Deep Time Journeys

Practice of the Week
Deep Time Journeys

Category: Ecospiritual. These practices are oriented toward developing our spirituality through our connection with our planet home and our responsibility to care for it.

To cultivate a healthy sense of perspective, try contemplating deep time. The Earth has existed for 4.5 billion years. Human brains aren’t wired to grasp such vast stretches of time. We try analogies: if the Earth’s timeline were a football field with one goal line representing the formation of earth and the other representing the present, the emergence of humanity would be about an inch from present. Or: if the history of Earth were condensed to a single year, each day would represent over 12 million years. Life first appeared about Mar 22; nucleated cells on Jun 19; multicellular animals on Nov 12. Sharks appeared on Nov 26. Dinosaurs roamed from Dec 12-26. Homo habilis appeared on Dec 31, just after 6:30pm; Homo erectus at 8:20pm. Anatomically modern humans first appeared at 11:45pm on Dec 31 – only the last 15 minutes of earth’s “year.”

Our arrival on Earth was quite sudden when considered from the perspective of the Earth itself. It is as though Gaia blinked, and suddenly found all of us here! But blink again, and we will pass like smoke on the breeze. Life, and the Earth, will go on without us. This realization can have a profound impact on how we view ourselves as a species. Our 15-minute-old species won’t make it another minute (8,500 years) with our contemporary lifestyle.

Many other species will probably leave along with us, mostly those who, like us, came along on New Year’s Eve: the blue whale, Siberian tiger, and mountain gorilla. The truly enduring life forms, our single-celled siblings, will continue happily into the next year without us.

Reflecting that our time on this Earth has been so brief – and the time remaining even briefer – may be uncomfortable. Yet it may also be comforting. We are part of a story much greater than our own, the grand story of life itself.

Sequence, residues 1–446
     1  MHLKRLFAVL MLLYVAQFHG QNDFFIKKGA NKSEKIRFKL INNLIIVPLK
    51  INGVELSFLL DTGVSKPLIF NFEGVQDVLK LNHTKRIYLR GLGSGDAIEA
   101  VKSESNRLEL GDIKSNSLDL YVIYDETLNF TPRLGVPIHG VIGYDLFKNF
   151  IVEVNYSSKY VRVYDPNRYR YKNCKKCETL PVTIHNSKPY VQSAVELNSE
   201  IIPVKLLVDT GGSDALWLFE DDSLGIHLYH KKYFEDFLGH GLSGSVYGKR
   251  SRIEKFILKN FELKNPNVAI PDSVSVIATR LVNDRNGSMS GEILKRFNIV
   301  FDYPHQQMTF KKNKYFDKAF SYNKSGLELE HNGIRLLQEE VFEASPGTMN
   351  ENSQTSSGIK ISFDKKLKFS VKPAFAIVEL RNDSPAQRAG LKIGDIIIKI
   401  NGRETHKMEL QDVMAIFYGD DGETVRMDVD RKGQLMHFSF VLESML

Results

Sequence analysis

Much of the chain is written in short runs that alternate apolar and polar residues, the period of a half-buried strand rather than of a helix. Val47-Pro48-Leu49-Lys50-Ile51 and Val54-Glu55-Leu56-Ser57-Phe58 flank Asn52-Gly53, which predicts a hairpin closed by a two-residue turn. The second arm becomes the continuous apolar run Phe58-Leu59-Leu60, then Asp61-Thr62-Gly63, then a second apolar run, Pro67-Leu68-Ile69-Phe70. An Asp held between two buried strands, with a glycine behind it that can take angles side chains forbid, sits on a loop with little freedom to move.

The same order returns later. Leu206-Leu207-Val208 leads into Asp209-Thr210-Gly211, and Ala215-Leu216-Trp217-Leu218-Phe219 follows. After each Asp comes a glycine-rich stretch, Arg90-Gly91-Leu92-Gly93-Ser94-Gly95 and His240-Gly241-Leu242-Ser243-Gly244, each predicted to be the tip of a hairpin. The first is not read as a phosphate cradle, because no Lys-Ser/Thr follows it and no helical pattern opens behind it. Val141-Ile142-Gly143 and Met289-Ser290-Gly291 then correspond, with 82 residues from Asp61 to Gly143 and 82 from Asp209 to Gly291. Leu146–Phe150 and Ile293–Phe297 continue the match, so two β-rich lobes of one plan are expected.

“We are one of perhaps 30 million species on the planet today, and countless millions that have gone before. ... We are called to acknowledge our dependency on the web of life both for our subsistence and for countless aesthetic experiences: spring birdsong, swelling tree buds, the dizzy smell of honeysuckle. We are called to acknowledge that which we are not: we cannot survive in a deep-sea vent, or fix nitrogen, or create a forest canopy, or soar 300 feet in the air and then catch a mouse in a spectacular nosedive.” (Ursula Goodenough, The Sacred Depths of Nature)
This story is indeed so much bigger than our one species, and yet our story is inextricable from the story. Looking through the lens of deep time, we can see humanity more clearly as a precious and rare spark of Earth's self-awareness. We are of the Earth and are the Earth, suddenly and fleetingly self-aware. Ours is an ultrasocial species of great cognitive and emotional complexity and adaptability – perhaps some future species will equal or exceed us in these regards.


1. Deep Time Altar. Clear your altar of items, then place upon it symbols of the Earth as it existed before humans. For example, stones can symbolize mountains or tectonic plates. A leaf, pinecone, or flower can symbolize the plant kingdom, which has flourished on Earth for hundreds of millions of years. A feather or figurine of an animal might represent animal life. A small bowl of water can stand for ancient seas. Be creative. When you've completed the altar, sit with it and ponder your place in this grand epoch of life.

2. Deep Time Meditation. Visit a museum of geology or natural history, and approach the exhibits with a contemplative mindset. Engage your spirit as well as your brain. Wander the exhibits of fossils or rocks slowly and mindfully. At the various displays, imagine the world as it was when the that rock or fossil was formed. Imagine witnessing the living creature, or simply the landscape. Bring your journal and write either poetry or prose to help you reflect on the experience. Sketching or drawing may also helpful.

Group Activities

Deep Time Ceremony. In a long hallway or outdoors, measure out a fifty-foot line, representing the approximately 4.5 billion years of Earth's history. On this scale, 10 feet represent a billion years, a foot represents 100 million years, and an inch represents a little over 8 million years. Designate one end of the line as representing the formation of the Earth and the other as representing the present. Mark the following major events on the line, adding others as you like:
  • 3.5 bya (billion years ago): earliest life appears in the oceans
  • 3.25 bya: photosynthesis
  • 1.9 bya: first cells with a nucleus
  • 600 mya (million years ago): first multicelled organisms
  • 500 mya: earliest land plants
  • 245 mya: age of dinosaurs begins
  • 65 mya: age of dinosaurs ends with asteroid impact
  • 3.5 mya: earliest proto-humans
  • 130 kya (thousand years ago): modern humans
  • 10 kya: earliest human civilizations, recorded history begins.
What you decide to do from here is up to your group's unique creative process. You might have each member walk the timeline as a contemplative meditation – perhaps with another person reading aloud each milestone along the line as they walk. Create poetry, songs, and/or stories to celebrate each point on the line. Another possibility would be to position people at events along the line. Walk from the beginning to the present, pausing at each person to hear them describe the significance of the event.